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Grindhouse Trailers

  What is the purpose of a trailer? To make the viewer want to see the film it advertises, of course, and in the nineteen-seventies as censorship rules were relaxed there appeared a new breed of trailers to bring the latest exploitation movies to the public. These minute or two minute long bursts of energy were designed to whet the appetite, and in the United States cutting them together from the raw materials of the actual movie became quite a skill in itself.

Thus these previews had no qualms about giving away major plot points, or spoilers as we would call them nowadays, as long as whatever footage they employed made the product look as exciting as possible. In practice this meant packing them with shots of every scene with a car chase, a fist fight, a sex scene or nudity, gunfights, and more, as if to say (usually in a very deep voiceover) look, here’s a movie that will finally live up to all the hype we’re throwing in your face, no matter if actually watching the thing would rarely amount to as an exciting experience as promised by the advertising campaign. These were not always for American flicks either, as European and Asian efforts received the same treatment.

Sometimes you would get lucky, and find a gem among the dross, but for those with a taste for such screen antics it was always worth investigating the more intriguing trailers to see if just this once you’d go along to the drive-in or the cheapest cinema in town and have your expectations met. Of course, for many seeing the trailers didn’t matter quite as much as the distribution companies would have liked to think, as you were either going to go out on Saturday night to the movies or you weren’t, and what you got to watch there was not really all that important as long as you had some way of killing time with your buddies or your partner. Though if you were watching these in a British cinema, it was more likely you would have sought them out as something out of the ordinary than your American cousins might have.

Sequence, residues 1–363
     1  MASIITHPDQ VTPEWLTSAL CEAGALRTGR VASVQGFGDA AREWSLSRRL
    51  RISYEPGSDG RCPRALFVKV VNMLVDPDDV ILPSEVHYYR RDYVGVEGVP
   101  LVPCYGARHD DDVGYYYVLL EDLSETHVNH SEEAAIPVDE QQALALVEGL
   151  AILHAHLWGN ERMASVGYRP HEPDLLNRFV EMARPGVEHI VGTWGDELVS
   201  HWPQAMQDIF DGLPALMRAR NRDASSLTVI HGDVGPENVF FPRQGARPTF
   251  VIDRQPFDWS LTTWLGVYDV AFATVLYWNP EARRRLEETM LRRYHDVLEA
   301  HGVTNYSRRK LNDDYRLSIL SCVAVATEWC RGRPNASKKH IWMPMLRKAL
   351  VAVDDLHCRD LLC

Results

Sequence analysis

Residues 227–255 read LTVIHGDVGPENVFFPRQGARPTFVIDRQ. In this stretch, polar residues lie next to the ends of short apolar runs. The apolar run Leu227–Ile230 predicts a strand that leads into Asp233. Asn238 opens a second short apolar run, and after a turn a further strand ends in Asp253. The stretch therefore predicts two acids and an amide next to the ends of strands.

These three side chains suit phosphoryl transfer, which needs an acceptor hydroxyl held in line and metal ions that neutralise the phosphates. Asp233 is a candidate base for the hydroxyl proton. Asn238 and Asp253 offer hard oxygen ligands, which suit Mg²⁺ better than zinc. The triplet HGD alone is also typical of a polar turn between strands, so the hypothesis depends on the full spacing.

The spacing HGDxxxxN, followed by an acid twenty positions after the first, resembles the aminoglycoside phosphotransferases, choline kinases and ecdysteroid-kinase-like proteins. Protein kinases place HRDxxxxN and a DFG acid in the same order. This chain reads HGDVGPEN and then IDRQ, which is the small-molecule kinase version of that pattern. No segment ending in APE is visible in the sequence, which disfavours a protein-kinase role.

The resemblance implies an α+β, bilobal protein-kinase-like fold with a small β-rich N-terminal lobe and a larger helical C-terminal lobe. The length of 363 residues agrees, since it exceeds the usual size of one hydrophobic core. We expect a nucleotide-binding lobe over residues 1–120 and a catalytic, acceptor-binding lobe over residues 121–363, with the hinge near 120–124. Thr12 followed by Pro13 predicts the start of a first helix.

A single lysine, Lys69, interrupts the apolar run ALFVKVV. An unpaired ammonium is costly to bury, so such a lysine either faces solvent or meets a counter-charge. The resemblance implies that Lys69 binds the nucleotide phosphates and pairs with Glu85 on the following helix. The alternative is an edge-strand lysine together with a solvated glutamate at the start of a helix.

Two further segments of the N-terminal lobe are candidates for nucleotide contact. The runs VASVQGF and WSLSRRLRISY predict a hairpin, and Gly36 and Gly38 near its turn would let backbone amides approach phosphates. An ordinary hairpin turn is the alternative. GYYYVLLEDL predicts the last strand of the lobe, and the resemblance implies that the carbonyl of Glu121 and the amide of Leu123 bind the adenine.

Fast forward to the present day and these trailers are part and parcel of cult movie fans’ appreciation of the grindhouse circuit and their entertainments, so no matter how much it is attempted to recreate that sense of the forbidden and the extreme, the modern imitators will always be that: the imitators. This makes the compilations of grindhouse trailers, a tradition which started way back in the eighties with such videocassettes as The Best of Sex and Violence or Sleazemania, something to be treasured, and Nucleus have been bringing out volumes of these under the Grindhouse Trailer Classics banner, the latest of which is the third.

On this disc you can marvel at how many of these pop culture artefacts feature car chases (driving on two wheels a speciality), or stewardesses, or bad dubbing, or female convicts, or are so concerned with presenting the highlights that they fail to make any sense whatsoever. There’s a mixture of the slightly better known – Black Mama White Mama, Macon County Line, The Candy Snatchers, Terminal Island – with the very obscure, some with famous faces, others with nobodies, often ridiculous, at other instances patently not able to meet their promises, and all the better for setting the dedicated a challenge to track them down now that many are being released on Blu-ray and DVD. As extras, there are more trailers and an overview from genre expert Kim Newman, but mostly you can relax and amuse yourself at how over the top and at times hilariously oversold these movies were for around an hour and forty minutes. If you do decide to look further, there’s a whole world of these cult items waiting.
Author: Graeme Clark

 

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Last Updated: 18 March, 2006